Global Policy Forum

Switzerland Prepares New Legislation on the Returning of Stolen Assets


Switzerland prepares a new law on blocking and returning stolen assets, reports Alliance Sud, the Swiss Alliance of Development Organizations. The new law on returning assets when legal support from the source country is inadequate should be more widely applicable than its predecessor. At the moment the law applies only to states that have no functioning governance. Processes lasting years or even decades should also be sped up by legislation.

April 23, 2013 | Mark herkenrath, Alliance Sud

How Switzerland disposes of stolen assets

Switzerland has made some headway in recent years when it comes to freezing and returning foreign stolen assets. But there are still serious shortcomings. A look at past and present cases shows where the new law currently in preparation should begin.

Switzerland prides itself on having particularly effective measures to prevent the influx of stolen assets from abroad. The facts portray a somewhat different picture. In the aftermath of the «Arab spring», substantial deposits of suspect funds were discovered yet again in Swiss bank accounts. They were being held by dictators Ben Ali, Mubarak and Gaddafi, their relatives and close business associates. They amount to almost one billion francs in total: some 700 million come from Egypt, 60 million from Tunisia and 100 million from Libya. If they are in fact ill-gotten assets, the funds should never have been able to enter Switzerland in the first place. Despite the obvious lacunae, the National Council last winter rejected several initiatives to tighten the Anti-Money Laundering Act.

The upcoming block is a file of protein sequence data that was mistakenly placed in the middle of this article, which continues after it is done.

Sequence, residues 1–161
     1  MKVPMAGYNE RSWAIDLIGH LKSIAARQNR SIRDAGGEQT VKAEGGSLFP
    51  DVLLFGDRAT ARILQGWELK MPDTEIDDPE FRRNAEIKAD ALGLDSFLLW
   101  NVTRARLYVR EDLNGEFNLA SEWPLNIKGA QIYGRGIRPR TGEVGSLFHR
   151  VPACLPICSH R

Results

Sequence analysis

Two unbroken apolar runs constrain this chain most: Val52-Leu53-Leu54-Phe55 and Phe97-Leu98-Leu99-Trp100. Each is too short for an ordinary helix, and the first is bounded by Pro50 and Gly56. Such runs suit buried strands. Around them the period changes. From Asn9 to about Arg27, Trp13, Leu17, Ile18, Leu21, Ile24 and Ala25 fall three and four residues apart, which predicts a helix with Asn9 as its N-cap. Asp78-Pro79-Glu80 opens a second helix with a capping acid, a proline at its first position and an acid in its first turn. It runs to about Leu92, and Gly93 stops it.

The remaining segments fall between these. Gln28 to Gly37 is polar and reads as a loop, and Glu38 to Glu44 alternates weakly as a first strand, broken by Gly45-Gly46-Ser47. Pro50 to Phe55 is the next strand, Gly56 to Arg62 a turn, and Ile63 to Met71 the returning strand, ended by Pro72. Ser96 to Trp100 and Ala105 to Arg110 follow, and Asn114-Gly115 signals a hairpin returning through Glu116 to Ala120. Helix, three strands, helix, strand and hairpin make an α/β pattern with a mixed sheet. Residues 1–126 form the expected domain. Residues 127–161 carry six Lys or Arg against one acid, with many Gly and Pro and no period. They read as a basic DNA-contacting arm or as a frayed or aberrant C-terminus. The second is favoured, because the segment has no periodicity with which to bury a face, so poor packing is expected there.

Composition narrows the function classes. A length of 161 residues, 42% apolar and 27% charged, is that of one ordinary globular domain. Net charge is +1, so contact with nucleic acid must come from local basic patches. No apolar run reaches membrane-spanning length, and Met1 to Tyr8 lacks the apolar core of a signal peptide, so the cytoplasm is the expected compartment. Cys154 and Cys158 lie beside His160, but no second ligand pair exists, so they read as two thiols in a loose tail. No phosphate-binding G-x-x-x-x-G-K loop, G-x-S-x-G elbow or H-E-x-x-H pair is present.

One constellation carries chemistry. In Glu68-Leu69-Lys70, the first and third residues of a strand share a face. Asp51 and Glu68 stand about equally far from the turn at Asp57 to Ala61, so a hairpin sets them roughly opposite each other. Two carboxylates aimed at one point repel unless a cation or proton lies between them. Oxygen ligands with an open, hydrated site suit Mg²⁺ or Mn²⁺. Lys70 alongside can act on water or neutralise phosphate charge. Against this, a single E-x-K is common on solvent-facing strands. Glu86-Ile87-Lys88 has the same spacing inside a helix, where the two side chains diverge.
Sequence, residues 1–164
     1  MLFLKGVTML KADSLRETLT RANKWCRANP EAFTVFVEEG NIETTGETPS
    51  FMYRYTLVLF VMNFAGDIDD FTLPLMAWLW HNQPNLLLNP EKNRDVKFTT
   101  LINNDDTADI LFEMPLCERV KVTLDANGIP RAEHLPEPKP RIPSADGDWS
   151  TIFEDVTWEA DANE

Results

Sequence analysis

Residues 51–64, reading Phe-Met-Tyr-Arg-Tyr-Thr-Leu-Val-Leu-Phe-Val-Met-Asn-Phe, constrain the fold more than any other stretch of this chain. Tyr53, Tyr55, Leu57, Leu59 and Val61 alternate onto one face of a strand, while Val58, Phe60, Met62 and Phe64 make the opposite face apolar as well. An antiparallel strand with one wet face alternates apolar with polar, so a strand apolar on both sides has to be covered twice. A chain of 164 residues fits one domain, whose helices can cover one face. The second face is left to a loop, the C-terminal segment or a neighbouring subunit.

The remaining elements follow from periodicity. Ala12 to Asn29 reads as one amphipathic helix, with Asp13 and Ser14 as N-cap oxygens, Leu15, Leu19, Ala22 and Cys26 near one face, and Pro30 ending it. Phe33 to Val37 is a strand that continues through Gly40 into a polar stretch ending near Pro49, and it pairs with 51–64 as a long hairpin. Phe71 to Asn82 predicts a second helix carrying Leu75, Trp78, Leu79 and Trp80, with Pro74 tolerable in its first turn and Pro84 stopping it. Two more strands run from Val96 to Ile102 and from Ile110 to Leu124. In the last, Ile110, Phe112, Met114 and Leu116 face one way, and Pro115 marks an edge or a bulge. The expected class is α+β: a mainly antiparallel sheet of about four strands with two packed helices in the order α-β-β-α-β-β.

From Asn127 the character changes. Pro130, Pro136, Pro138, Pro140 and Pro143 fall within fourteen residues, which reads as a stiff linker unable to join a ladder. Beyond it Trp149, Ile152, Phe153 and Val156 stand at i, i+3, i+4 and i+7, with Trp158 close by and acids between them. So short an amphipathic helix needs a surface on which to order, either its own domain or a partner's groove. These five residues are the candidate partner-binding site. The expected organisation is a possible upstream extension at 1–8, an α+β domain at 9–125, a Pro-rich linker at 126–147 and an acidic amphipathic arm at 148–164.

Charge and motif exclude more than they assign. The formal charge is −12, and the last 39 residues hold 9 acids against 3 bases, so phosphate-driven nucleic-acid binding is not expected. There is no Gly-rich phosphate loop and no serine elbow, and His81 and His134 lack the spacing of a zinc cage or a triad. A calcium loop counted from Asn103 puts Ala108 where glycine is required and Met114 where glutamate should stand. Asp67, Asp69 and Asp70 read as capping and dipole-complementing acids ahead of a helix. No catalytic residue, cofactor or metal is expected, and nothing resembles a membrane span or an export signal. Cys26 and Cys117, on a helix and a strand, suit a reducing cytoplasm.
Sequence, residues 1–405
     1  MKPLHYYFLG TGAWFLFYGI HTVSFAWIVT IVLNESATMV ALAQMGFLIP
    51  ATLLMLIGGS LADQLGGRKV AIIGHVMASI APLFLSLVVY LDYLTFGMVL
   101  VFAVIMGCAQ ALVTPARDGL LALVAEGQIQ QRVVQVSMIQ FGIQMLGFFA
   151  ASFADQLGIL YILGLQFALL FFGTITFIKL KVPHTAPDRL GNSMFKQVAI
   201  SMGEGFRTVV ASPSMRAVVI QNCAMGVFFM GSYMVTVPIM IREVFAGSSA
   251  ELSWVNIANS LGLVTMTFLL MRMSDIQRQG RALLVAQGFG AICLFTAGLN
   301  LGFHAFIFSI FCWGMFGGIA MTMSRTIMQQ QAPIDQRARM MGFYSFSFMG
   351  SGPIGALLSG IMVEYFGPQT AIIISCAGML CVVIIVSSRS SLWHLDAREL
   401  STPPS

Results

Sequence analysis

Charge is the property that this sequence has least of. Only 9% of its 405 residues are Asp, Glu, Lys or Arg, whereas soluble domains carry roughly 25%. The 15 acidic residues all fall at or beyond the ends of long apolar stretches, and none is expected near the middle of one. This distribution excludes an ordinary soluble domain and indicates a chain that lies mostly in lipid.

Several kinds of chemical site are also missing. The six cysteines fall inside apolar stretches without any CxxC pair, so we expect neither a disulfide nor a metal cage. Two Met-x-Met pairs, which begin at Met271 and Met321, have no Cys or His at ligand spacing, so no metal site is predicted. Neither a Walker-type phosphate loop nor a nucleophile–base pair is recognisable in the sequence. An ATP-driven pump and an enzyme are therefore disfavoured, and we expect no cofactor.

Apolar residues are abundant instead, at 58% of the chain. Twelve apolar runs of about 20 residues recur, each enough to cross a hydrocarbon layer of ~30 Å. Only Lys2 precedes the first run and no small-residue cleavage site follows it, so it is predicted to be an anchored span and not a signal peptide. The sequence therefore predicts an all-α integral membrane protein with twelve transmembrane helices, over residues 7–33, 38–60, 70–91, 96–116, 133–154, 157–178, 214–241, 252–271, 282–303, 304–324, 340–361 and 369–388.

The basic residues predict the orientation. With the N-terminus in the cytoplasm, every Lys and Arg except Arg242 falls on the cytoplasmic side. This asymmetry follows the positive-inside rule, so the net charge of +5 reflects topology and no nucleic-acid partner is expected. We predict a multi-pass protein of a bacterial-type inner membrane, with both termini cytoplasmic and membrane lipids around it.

Switzerland has nonetheless made undeniable progress in the blocking and restitution of stolen assets. It was the first country in the world to take the precaution of freezing suspect assets pertaining to the overthrown North African dictators. In addition it is supporting the countries of origin in the complex legal assistance procedures meant to lead to confiscation and restitution to the population from whom the funds were stolen.

In provisionally blocking funds from Egypt and Tunisia however, the Swiss Government had to rely on an article in the Federal Constitution on emergency legislation. A new law is consequently being prepared to provide a better legal basis for current practice in blocking and repatriating stolen assets. It is also to be more broadly applicable than the 2011 «Lex Duvalier», which applies only to certain countries.

From the problematic Mobutu case to «Lex Duvalier»

The case of the Mobutu funds was particularly instructive for Switzerland. Restitution to the Congolese people failed woefully after a protracted back-and-forth. When the new Congolese Government submitted a somewhat flawed request for legal assistance in 1997, Switzerland froze just under 9 million francs in suspect assets. In 2009, however, it had to return the money to the dictator's clan, and the fleeced population went empty-handed. The reason was that the Mobutu clan still controlled much of the Congolese State apparatus and was unwilling to pursue the legal assistance procedure any further. Switzerland's hands were therefore tied as well. Despite this, the release of the funds garnered negative headlines across the world.